05 September 2011

Obese kids have more asthma flares

Shaving off extra pounds might help asthmatic kids prevent flares of the disease, according to a study that found obese children have a harder time controlling their symptoms.


Shaving off extra kilos might help asthmatic kids prevent flares of the disease, according to a study that found that obese children have a harder time controlling their symptoms.

The work is the first to show that even after taking race and social factors into account, heavier kids use more drugs to control their asthma and curb exacerbation than slimmer kids.

"Improving nutritional status, preventing obesity, and stressing the importance of weight loss might improve asthma control and exacerbation risk in children and decrease the incidence of asthma in adults," researchers wrote in the Journal of Allergy and Clinical Immunology.

Both asthma and obesity rates have soared among kids in recent decades, reaching nearly 10% and 17%, respectively.

While some studies have hinted at a link between the two conditions, conclusions on whether heavier kids also have more severe asthma than others have been mixed.

Dr Kenneth B. Quinto from the University of California, San Diego, and colleagues looked back at more than 32,000 children with asthma who were enrolled in a Kaiser Permanente health plan. Nearly half the children were overweight (BMI percentile for age, 85% to 94%) or obese (BMI percentile for age, 95% or higher).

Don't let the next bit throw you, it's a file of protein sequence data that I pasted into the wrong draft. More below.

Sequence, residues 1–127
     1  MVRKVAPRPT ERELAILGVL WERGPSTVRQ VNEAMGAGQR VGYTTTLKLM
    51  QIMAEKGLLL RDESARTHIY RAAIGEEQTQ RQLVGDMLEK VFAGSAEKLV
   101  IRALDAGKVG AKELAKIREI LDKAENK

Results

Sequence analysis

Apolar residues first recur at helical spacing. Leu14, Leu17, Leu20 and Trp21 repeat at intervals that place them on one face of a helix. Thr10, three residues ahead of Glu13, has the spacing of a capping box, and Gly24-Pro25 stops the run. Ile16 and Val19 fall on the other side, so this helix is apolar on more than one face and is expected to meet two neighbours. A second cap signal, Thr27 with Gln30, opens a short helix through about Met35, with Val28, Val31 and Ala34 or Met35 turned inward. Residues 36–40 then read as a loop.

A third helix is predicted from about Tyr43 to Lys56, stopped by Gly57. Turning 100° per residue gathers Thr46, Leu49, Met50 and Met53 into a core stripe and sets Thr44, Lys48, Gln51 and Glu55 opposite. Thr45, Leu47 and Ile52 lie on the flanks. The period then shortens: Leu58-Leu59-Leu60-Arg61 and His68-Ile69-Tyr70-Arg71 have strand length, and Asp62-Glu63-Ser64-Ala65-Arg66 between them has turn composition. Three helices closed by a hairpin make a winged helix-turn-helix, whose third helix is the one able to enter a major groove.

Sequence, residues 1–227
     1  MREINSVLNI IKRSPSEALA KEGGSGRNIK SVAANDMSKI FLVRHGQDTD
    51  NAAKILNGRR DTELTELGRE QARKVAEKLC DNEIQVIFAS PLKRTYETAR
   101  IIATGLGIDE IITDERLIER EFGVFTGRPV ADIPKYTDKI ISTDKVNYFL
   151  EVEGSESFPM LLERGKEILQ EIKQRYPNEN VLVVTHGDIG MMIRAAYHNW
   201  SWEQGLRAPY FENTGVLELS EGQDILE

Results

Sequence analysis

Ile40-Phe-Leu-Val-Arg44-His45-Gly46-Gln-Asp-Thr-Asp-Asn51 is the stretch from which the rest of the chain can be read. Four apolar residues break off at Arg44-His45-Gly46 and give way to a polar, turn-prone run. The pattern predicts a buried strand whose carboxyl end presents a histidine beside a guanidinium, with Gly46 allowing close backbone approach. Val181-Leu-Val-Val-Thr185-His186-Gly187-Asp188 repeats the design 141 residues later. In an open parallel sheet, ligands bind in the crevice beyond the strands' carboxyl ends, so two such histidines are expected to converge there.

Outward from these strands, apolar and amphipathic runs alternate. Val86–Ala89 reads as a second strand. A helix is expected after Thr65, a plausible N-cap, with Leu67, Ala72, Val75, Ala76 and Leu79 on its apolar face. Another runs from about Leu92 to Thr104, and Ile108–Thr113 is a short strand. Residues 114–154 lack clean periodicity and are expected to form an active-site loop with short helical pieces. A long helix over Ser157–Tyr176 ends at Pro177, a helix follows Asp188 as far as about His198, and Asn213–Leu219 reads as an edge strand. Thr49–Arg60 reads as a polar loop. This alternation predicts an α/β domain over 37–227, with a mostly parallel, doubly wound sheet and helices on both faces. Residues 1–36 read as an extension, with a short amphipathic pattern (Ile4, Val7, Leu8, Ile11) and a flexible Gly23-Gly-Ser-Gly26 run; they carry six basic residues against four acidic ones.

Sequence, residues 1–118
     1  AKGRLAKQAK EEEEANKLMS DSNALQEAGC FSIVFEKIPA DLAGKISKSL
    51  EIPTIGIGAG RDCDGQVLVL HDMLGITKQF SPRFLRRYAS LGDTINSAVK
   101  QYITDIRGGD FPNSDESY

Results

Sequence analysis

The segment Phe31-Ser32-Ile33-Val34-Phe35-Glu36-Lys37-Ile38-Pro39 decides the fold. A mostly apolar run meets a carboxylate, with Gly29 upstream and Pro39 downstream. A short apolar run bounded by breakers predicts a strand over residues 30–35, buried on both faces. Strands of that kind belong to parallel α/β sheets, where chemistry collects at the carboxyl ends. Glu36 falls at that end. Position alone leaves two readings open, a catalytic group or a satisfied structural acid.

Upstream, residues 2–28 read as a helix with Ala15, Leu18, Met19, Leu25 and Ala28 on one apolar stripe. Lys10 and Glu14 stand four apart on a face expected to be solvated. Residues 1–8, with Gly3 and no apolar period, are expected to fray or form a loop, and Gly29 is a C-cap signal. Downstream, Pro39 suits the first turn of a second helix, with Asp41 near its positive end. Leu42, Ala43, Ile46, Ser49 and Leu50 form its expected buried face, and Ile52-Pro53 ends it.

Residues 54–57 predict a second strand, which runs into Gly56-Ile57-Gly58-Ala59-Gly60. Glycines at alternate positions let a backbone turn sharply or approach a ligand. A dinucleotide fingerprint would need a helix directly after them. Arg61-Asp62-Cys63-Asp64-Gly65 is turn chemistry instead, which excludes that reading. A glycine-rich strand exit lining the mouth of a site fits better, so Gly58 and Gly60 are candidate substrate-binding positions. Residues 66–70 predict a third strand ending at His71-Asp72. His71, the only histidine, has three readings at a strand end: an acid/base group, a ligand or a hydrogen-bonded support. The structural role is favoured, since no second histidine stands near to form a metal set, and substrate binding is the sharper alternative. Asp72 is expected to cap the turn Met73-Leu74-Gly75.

Heavy youngsters use more inhaled steroids

The researchers found on average, normal-weight children used 2.8 rescue inhalers a year, whereas obese kids used 3.1. The heavy youngsters also used more inhaled steroids.

And the results held up after Dr Quinto and his colleagues accounted for such possible confounding factors as sex, race, diabetes and parents' education levels.

The team speculates that the extra kilos might be weighing on the lungs, making obese kids feel like they need more medication. Scientists have also found that overweight people don't respond as well as others to steroids, which might help explain the new findings.

Still, in an observational study like theirs, the researchers warn it's never possible to be certain of cause and effect, so whether bigger waistlines should be blamed for more exacerbation remains an open question.

Meanwhile, the team writes, "The best time for prevention of obesity and nonsurgical weight reduction likely occurs in childhood."

(Reuters Health, September 2011)

 Read more:

Weight management

Obese kids risk heart disease


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Professor Keertan Dheda has received of several prestigious awards including the 2014 Oppenheimer Award, and has published over 160 peer-reviewed papers and holds 3 patents related to new TB diagnostic or infection control technologies. He serves on the editorial board of the journals PLoS One, the International Journal of Tuberculosis and Lung Disease, American Journal of Respiratory and Critical Medicine, Lancet Respiratory Diseases and Nature Scientific Reports, amongst others.Read his full biography at the University of Cape Town Lung Institute

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